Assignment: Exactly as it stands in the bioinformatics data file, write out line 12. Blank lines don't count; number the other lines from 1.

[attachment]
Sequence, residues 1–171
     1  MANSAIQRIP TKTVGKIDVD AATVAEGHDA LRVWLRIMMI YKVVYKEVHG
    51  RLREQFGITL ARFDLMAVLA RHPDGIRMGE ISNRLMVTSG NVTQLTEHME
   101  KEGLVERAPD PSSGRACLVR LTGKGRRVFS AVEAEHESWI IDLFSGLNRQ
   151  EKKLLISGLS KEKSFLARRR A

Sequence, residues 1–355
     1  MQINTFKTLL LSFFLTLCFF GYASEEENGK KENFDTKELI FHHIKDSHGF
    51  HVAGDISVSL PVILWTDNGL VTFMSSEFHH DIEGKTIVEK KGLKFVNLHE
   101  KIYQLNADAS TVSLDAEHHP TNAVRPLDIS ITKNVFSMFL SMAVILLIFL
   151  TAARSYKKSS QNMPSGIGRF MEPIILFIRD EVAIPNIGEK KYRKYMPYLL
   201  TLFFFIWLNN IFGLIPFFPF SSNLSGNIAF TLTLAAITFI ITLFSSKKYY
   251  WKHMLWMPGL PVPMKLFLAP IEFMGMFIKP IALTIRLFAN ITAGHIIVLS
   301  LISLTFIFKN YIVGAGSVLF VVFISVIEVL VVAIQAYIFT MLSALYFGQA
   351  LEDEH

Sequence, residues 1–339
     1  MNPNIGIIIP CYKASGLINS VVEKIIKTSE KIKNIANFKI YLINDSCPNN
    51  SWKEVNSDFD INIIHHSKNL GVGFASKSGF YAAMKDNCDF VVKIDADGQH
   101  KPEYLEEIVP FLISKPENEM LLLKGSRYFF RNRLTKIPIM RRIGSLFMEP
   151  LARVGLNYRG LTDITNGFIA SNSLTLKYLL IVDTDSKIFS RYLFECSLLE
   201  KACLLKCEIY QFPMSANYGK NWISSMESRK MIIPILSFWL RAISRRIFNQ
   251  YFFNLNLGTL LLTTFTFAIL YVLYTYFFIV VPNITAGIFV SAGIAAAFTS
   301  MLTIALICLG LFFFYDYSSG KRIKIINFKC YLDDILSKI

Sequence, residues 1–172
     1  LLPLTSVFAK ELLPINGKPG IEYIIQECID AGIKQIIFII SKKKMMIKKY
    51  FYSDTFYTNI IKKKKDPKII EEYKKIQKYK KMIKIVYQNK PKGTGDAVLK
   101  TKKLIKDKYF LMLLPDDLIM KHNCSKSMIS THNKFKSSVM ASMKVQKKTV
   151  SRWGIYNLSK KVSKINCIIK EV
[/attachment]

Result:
   251  WKHMLWMPGL PVPMKLFLAP IEFMGMFIKP IALTIRLFAN ITAGHIIVLS